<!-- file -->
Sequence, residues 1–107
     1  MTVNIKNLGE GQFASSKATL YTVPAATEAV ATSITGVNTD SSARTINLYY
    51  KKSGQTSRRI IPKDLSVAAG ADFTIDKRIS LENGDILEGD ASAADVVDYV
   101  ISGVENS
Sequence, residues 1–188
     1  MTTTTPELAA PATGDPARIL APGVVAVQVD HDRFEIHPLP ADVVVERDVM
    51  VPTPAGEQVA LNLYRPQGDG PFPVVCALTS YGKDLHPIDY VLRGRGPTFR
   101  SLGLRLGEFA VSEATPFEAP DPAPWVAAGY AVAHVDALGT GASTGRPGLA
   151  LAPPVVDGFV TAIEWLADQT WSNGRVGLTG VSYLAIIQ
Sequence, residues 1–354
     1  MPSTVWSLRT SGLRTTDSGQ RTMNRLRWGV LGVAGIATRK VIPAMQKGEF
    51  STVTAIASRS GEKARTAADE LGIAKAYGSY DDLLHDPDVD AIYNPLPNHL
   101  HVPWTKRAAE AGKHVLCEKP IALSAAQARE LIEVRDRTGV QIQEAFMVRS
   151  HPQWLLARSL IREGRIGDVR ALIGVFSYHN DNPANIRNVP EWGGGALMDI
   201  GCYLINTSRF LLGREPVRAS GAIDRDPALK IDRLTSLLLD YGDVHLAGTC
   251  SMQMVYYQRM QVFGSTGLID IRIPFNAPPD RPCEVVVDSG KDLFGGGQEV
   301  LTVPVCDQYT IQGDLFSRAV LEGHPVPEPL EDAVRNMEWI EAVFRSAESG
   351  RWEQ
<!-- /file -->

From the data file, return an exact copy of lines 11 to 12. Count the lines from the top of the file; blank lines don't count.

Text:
     1  MPSTVWSLRT SGLRTTDSGQ RTMNRLRWGV LGVAGIATRK VIPAMQKGEF
    51  STVTAIASRS GEKARTAADE LGIAKAYGSY DDLLHDPDVD AIYNPLPNHL